The underground vessels below the wine cellar at Domaine de Montrose reveal that wine has been produced on site since the 16th century. For nine generations, this historic property has belonged to the Coste family. Located in the small Langeudoc village of Tourbes, just a few miles from Pézanas and the Mediterranean Sea, Domaine de Montrose relies on the sea, sun, and wind to shape their wines and the character of the people producing them. Working in tandem with these elements, the family fervently embraces a “less is more” mantra — less power and exuberance means more elegance. At every step from vine to bottle, they aim for balance, freshness, and finesse.
Vigneron and winemaker Oliver Coste works steadfastly with him team to increase biodiversity by preserving uncultivated ecosystems such as woods and grasslands surrounding the vineyards. Additionally, they have planted more than 3,000 Mediterranean trees from 21 local species including olive, almond, oak, quince, and arbutus. Carbon neutrality has long been a goal for the Coste family. They measure and minimize their C02 emissions by financing ecological projects such as the construction of small hydroelectric dams in 2019, and the creation of wind farms in 2020. These vital projects are in addition to the work they do to maintain their HVE 3 certification — the highest level of environmental certification for French farms. HVE covers four key areas: biodiversity, plant protection strategy, management of fertilizer use, and management of water.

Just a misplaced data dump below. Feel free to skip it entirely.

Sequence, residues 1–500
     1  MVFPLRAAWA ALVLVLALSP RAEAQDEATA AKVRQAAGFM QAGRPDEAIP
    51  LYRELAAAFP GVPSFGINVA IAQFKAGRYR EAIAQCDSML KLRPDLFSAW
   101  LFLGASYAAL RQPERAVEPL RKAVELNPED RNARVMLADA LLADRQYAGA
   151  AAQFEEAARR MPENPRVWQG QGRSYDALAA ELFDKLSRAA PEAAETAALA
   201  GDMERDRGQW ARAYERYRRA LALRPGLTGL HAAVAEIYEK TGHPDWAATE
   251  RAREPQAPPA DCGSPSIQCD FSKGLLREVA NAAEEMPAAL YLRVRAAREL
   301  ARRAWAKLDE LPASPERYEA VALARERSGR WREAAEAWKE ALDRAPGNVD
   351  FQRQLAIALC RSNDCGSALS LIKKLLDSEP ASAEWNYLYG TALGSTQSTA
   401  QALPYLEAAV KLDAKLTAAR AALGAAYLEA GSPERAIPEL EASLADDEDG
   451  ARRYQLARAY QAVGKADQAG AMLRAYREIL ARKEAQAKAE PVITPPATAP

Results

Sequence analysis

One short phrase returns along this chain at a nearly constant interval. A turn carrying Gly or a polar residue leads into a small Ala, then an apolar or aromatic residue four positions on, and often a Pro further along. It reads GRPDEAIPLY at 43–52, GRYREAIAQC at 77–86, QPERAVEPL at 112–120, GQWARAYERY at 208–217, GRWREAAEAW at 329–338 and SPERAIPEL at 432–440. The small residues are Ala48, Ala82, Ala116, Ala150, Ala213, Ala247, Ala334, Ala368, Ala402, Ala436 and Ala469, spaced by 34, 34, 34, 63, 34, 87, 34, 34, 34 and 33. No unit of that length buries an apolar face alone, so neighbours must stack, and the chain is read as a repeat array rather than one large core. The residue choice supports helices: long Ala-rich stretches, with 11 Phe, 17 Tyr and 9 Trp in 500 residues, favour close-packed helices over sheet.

There are three distinctly different terroirs that make up the Domaine de Montrose property: clay-limestone which are cool and well-draining soils; the more typical Valfranchien terrasses which are pebbly and poor in nutrients; and the volcanic sector where vines are planted on the slope of an extinct volcano. The flagship wine, Rosé Mont Rose, is made from 30–50-year-old vines planted in all three of these soil types. Each parcel is vinified separately and ferments with indigenous yeast before bottling the blend in the winter and spring months. The resulting wine is pale pink and pure with aromas of citrus and red fruits that carry through to the palate. There is a vibrancy in this wine that is consistently present across the Montrose range of rosés.
In 1701, a Coste family ancestor named Joseph Alazard received the Three Lizards coat of arms. In homage to him, it adorns the Domaine de Montrose labels. According to French heraldry, a lizard symbolizes good luck. Certainly, a bit of luck has helped to ensure the endurance of this domaine through the generations, but we believe it is the Coste family’s commitment to sharing life’s pleasures with loved ones that has sustained them.